What Do Obama's Student Loan Reforms Mean for You?
Will the Obama Administration's new student loan reforms help keep more of your paycheck in your pocket? Only if you haven't started college yet.
With higher education costs skyrocketing and student loan debt set to top $1 trillion by the end of 2011, America hasn't exactly felt like the land of opportunity for college grads, even though 60 percent of future jobs will require more than a high school diploma. President Obama told a packed house today at the University of Colorado at Denver that the government "should be doing everything we can to put a college education within reach" of everyone. To that end, he plans to fast track reforms for student loan repayment and consolidation.
Instead of waiting till 2014 to roll out the new "Pay As You Earn" plan—which will cap the amount graduates must pay on their loans at 10 percent of their discretionary income—students will be able to take advantage of the plan next year. After 20 years of repayments, the plan will forgive the balance of a borrower's debt.
Obama also said he plans to make consolidating federal student loans easier for about 6 million students and recent grads. Instead of "writing five different checks to five different lenders," he said, borrowers will only have to pay one lender per month and will likely have a better interest rate.
While the income-based reform is a step in the right direction projected to help around 1.6 million students, Radhika Singh Miller, a program manager for educational debt relief and outreach at the nonprofit Equal Justice Works, notes it will only benefit students who are starting college next year or later. "For those of us who've already borrowed and are buried in student debt," she says, the plan offers no help.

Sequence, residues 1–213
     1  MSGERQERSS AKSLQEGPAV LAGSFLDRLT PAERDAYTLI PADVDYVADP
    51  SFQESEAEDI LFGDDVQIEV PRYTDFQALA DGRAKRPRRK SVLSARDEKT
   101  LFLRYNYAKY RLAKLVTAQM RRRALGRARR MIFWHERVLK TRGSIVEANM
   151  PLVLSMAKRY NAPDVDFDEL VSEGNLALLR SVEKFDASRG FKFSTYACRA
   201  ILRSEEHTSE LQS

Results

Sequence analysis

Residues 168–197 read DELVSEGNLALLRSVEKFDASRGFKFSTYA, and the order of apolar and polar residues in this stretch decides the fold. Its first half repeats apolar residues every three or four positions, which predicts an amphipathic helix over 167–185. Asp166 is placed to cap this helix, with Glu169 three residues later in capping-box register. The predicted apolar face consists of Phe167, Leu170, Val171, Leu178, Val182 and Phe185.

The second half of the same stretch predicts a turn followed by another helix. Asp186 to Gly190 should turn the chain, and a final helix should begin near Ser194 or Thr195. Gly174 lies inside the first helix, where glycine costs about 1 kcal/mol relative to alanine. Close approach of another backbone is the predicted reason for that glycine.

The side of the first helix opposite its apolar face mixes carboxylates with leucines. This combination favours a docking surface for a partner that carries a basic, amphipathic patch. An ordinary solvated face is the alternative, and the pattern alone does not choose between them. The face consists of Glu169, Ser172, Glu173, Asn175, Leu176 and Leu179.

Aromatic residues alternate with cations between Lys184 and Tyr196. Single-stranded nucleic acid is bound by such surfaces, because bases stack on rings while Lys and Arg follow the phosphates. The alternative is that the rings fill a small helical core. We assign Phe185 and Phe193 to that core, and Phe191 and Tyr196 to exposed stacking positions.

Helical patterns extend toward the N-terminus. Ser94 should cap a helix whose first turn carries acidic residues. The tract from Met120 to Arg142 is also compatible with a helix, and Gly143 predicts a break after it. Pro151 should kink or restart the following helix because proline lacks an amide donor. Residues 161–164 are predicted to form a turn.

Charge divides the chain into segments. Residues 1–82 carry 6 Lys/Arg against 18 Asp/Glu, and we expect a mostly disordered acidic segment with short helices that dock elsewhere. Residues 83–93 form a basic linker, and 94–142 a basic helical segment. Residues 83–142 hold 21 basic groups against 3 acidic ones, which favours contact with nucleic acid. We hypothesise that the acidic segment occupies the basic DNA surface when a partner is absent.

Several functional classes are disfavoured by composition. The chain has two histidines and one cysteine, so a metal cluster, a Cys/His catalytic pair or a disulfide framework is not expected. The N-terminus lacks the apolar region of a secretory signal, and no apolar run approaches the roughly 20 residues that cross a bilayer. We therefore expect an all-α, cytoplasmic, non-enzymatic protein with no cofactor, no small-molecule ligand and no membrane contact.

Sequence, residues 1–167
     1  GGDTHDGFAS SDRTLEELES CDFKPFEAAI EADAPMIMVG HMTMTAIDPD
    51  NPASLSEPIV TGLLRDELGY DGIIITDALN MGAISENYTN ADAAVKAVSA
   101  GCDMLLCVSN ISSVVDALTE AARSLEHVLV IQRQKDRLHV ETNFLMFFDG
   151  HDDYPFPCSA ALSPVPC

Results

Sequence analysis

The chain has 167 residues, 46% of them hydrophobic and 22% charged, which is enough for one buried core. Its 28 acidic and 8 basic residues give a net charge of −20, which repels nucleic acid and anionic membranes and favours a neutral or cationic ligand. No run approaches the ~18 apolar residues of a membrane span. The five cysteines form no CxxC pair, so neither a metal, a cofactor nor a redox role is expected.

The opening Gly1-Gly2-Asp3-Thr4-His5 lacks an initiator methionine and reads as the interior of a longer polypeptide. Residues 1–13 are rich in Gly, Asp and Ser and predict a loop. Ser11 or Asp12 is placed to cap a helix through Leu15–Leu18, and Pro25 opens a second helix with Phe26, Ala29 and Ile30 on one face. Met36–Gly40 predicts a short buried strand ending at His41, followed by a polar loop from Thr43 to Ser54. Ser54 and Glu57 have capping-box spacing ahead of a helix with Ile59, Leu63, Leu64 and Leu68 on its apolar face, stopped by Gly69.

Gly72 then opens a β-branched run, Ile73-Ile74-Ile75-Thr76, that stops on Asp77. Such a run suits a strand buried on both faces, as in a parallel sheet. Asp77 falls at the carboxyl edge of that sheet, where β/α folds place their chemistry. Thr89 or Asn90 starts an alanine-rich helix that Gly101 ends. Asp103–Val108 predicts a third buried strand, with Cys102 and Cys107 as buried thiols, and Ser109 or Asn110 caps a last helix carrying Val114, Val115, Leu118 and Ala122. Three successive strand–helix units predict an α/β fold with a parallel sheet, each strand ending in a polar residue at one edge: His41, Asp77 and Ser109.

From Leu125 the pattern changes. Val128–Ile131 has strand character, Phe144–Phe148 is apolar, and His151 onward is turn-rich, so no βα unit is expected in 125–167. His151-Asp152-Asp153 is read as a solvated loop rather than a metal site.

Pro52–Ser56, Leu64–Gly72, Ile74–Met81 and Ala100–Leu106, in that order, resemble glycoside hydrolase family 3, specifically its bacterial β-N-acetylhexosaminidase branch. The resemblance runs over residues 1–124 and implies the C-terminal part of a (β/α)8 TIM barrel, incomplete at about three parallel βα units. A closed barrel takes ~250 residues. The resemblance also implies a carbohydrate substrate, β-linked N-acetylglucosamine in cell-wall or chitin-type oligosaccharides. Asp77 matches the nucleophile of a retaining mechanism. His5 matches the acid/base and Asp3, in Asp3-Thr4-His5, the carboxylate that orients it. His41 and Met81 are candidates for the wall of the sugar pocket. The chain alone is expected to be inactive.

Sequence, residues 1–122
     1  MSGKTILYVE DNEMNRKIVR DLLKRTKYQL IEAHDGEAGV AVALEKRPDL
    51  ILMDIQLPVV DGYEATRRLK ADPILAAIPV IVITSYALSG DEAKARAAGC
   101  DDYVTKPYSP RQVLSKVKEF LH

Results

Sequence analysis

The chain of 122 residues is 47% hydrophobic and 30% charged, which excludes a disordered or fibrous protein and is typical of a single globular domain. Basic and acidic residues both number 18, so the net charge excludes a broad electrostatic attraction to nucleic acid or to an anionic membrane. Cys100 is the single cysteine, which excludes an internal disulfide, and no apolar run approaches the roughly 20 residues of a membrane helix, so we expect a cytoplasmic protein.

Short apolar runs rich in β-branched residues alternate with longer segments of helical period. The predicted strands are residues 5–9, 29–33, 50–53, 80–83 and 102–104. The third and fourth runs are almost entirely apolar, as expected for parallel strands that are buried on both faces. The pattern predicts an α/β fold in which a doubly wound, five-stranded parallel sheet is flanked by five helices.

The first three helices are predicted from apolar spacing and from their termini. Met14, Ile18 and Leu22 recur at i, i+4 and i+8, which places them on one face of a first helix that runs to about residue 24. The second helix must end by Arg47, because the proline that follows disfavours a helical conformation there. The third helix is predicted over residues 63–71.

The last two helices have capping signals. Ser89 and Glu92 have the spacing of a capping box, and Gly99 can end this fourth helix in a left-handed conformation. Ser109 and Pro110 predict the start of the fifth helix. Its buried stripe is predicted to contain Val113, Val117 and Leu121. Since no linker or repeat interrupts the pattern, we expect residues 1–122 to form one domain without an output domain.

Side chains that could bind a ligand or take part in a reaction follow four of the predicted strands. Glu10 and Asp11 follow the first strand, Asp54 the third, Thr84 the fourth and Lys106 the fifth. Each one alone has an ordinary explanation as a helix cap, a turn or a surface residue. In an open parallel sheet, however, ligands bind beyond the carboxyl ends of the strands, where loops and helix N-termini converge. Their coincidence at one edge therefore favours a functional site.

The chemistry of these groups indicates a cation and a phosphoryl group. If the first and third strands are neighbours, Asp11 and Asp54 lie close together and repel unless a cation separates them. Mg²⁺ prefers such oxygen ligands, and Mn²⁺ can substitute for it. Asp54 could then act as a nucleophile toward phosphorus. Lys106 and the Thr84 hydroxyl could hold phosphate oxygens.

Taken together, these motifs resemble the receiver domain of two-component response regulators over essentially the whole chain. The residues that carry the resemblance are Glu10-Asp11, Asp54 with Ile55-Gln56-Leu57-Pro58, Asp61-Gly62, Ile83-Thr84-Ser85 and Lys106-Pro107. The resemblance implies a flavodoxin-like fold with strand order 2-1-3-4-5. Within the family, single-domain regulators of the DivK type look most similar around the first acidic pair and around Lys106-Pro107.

The good news, Miller says, is that the consolidation reforms will "help a lot of borrowers," who may have loans that are guaranteed by the government but issued by private banks. Interest rates for those loans vary widely, so being able to combine them at a lower rate will "make a big difference in what you're paying." Graduate students in particular, she says, rack up lots of loans and, between moving and other life transitions, may miss a payment without realizing it. If you only have one payment to keep track of, says Miller, you have a better chance of avoiding default.
But none of the reforms will reduce the total amount you owe, and they won't affect loans borrowed directly from a bank to help with college expenses. "People still need to be proactive about avoiding those private loans," she says, because they aren't eligible for income-based repayment plans or consolidation. If you don't, you're really "at the mercy of a private lenders. All the things you see that come with federal loans—like deferments and forebearance—aren't standard with private loans." If the Obama Administration put some consumer protections back into the private loan industry, Miller says, that would help millions.
Ultimately, Obama says he hopes the changes will leave Americans more money to buy homes, save for retirement, and "give economy a boost at a time when we desperately need it." Sounds like a noble cause to us.